FTAs and Big Ag’s equivalent of the “financial innovations”

The China-ASEAN Free Trade Agreement (CAFTA) went into effect this year amid much anxiety by ASEAN. Years of stalling due to fears of a massive influx of already cheap and now subsidised Chinese goods that ASEAN countries cannot compete against finally fell amid the sudden loss of Western markets for Southeast Asian exporters in the crash of 2008.

The fears haven’t gone away. Barely hitting the news -and finally at that- are concerns faced by India in its free trade agreements (FTA) with Australia and New Zealand, as well as with the European Union and Japan. At issue are intellectual property (IP) regimes that use these instruments to harmonise protections (of seed varieties patented by agricultural multinationals as in the piece below). India’s careful navigation through these agreements will likely have large impact on other developing South East Asian countries as well. According to DNAIndia:
..there is strong pressure on India to join the International Union for the Protection of New Varieties of Plants (UPOV) -1991, which would make Indian farmers pawns of multinational companies engaged in crop research. Joining UPOV-1991 would crush farmers’ privileges to share, exchange, and sell plant variety protection (PVP) seeds to other farmers

PVP guarantees IP protection to plant varieties developed by agricultural multinationals. The objective of UPOV is to protect new varieties of plants by IP. Harmonisation of PVP across the Asia Pacific region is the aim of developed economies through FTAs, say experts.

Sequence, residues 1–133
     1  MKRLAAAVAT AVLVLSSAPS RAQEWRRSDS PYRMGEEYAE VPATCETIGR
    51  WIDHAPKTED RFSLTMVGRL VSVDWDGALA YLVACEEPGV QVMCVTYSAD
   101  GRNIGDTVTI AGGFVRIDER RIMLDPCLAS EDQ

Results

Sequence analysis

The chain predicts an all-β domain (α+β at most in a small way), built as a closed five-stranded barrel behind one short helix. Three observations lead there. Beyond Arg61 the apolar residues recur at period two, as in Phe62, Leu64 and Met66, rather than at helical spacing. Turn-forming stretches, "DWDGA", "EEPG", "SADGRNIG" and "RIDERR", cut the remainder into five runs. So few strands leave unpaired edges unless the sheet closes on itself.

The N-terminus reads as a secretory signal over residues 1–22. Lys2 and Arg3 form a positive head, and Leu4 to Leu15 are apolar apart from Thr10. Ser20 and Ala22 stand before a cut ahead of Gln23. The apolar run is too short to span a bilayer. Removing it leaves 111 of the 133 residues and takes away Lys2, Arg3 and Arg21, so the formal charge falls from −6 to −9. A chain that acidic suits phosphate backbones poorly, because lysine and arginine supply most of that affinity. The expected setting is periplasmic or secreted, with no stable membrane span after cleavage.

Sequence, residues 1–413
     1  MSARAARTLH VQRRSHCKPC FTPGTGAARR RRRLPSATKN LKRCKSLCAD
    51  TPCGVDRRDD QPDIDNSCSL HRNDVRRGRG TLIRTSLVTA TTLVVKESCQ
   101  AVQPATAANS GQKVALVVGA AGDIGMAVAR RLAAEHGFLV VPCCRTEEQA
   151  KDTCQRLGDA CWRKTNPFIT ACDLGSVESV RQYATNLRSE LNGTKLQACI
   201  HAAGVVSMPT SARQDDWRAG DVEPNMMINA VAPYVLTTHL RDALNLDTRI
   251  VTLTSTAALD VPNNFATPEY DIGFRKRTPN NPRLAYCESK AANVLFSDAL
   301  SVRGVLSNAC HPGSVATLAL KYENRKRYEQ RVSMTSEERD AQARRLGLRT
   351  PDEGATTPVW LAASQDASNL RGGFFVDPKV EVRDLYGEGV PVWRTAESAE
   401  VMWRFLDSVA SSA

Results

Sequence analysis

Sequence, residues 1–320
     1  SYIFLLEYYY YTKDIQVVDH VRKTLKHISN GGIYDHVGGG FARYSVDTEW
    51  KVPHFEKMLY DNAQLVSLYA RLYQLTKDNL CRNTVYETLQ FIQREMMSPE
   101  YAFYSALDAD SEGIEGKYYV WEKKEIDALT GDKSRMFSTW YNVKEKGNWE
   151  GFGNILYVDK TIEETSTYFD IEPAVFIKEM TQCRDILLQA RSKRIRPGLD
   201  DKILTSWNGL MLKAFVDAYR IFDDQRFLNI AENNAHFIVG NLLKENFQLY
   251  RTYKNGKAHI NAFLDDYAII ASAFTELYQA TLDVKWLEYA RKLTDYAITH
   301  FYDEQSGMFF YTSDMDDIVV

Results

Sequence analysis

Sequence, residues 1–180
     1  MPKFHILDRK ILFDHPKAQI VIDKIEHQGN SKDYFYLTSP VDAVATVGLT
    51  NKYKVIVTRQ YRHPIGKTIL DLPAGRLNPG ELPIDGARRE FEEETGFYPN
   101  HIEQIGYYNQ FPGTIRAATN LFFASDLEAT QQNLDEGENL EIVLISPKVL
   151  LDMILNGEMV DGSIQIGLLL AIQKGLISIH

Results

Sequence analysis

Why do we always aim for the high tech solutions? There is certainly value in drought-resistant and salt-tolerant varieties, but many local /native varieties can provide significant increases in yields with improved low-tech techniques. Preserving native varieties and not eradicating them in favor of frankenplants emerging from Big Ag’s R&D pipeline is just plain smart.

Now consider patenting seed varieties in this angle presented in the webzine Grist.com, Are GMOs the ‘financial innovations’ of agriculture?

In a sense, Big Ag — along with the Obama administration — is doubling down on the industrial system we have now: one that is already starting to show signs of stress, from the rise of superweeds along with the price of oil. Monsanto and Syngenta are claiming the ability to genetically engineer all the risk out of agriculture. But in narrowing farmers’ choices to a small set of patented seeds, seeds that must be bought by and distributed to every far-flung farm in the world every year (most of which lack basic infrastructure like, say, roads, and which must grow them according to strict protocols), these companies presume to have managed all the risks, just like the banks did a few years back. They are also presuming that the “Business as Usual” scenario, the world as it exists today, will continue indefinitely; that, in other words, there are no Black Swans hiding in the reeds.

As Salmon describes it for us so clearly, it’s a huge gamble. Only this time we’re not gambling with money — we’re being asked to gamble with our breakfast, lunch, and dinner, and farmers with their livelihoods. That is a bet that none of us should have to take.

The new new imperialisms, one after another, developing as fast as the speed of technology. Governments are now the instruments of protection for corporations rather than the population. That’s certainly the reality in the US given its recent Supreme Court decision giving corporations the same status as people. ASEAN has problems of its own and it won’t even know what hit it.

People really must find ways to organise outside of government solutions. But are citizen organisations fast enough? Time for the Do’s and Don’ts of 21st Century Strategy.

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